Why does Vladimir Putin demand payment in rubles?

Vladimir Putin announced on Wednesday, March 23, that Russia will no longer accept any payment in dollars or euros for gas deliveries within the European Union. A way for the president to respond to the financial sanctions imposed on him, as well as to raise the course of his national currency.

Almost a month after the start of the invasion of Ukraine, Vladimir Putin asked the Russian central bank and his government to establish “within a week” a new exchange rate system to impose payment for Russian gas imports in rubles.

“I have made the decision to implement a set of measures to move to payment in rubles for our gas delivered to hostile countries, and to waive all regulations on currencies that have been compromised,” the Russian president announced during a government meeting. .

$300 billion frozen

Two reasons explain this request: on the one hand, the Russian leader intends to respond to the strong economic sanctions inflicted by many Western countries, which weigh on your country. The West in particular froze some 300 billion dollars of Russian reserves abroad, an initiative described as “theft” by the head of Russian diplomacy, Sergei Lavrov.

On the other hand, imposing the acquisition of rubles on the market to carry out transactions allows to significantly raise the price of the currency, which had suffered a loss of value of almost 30% these last few weeks.

Germany threatens to terminate contract

The effects of this announcement were immediate. The march of the currency has strengthened against the euro and the dollar, on the other hand, certain countries such as Germany have denounced a requirement that would constitute “a breach of contract” and do not intend to respond favorably to this offensive.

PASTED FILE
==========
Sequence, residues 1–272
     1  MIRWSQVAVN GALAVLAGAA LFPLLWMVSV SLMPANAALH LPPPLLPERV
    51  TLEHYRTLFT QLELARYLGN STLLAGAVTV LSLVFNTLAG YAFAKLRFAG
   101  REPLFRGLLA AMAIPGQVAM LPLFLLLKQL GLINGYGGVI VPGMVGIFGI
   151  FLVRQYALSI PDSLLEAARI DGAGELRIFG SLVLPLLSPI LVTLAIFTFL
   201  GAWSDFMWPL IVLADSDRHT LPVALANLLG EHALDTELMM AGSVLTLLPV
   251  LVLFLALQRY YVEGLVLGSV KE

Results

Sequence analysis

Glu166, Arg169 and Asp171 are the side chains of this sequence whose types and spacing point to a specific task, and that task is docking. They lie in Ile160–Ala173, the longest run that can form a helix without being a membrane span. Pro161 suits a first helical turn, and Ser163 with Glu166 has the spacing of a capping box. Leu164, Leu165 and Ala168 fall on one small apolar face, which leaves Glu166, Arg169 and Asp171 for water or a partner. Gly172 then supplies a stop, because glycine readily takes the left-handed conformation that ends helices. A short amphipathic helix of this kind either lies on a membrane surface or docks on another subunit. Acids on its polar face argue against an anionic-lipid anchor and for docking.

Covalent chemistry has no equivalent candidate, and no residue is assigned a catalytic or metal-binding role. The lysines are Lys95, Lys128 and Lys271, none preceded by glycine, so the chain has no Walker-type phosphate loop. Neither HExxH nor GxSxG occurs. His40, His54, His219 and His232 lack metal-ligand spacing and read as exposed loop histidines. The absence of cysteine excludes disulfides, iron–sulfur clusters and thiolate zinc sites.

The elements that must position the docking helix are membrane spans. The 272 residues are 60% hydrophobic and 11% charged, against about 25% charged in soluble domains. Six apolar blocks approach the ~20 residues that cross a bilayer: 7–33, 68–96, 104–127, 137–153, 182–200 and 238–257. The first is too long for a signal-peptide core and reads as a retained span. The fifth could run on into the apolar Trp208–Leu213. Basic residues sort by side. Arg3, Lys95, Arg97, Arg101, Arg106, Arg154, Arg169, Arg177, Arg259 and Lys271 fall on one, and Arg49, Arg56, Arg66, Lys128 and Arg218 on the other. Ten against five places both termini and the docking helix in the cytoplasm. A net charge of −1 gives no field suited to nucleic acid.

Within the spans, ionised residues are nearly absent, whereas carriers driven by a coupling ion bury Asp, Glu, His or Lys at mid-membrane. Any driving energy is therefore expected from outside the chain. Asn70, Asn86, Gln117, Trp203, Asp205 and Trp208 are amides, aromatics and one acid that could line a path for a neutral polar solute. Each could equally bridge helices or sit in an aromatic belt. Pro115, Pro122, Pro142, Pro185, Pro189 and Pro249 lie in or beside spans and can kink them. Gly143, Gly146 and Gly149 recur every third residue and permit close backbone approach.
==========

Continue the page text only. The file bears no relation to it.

Faced with this situation, the West still has an arsenal of sanctions with, in particular, the issue of the global oil embargo, already decreed by the United States, which is still on the table and which could “sink the Russian economy”, according to the chief of staff of the Ukrainian President Volodymyr Zelensky.

At the moment, due to the dependency of many European states, Russian hydrocarbons have largely been spared economic sanctions and continue to flow into Europe, with several hundred million euros a day at stake for the Kremlin. Several international summits are expected in the coming days to consider a response to this offensive and decide on possible new sanctions.

For his part, Vladimir Putin hinted that other Russian exports could be affected by the same measure. The Russian space agency Roscosmos already announced on Wednesday evening its intention to also switch to ruble settlement with its international partners, just after President Putin’s announcement.

However, some Russian companies like the giant gazprom could suffer from this new measure, finding themselves short of foreign currency to meet their debts in the future. Countries declared “hostile” by Russia are estimated to account for more than 70% of Russian energy exports.

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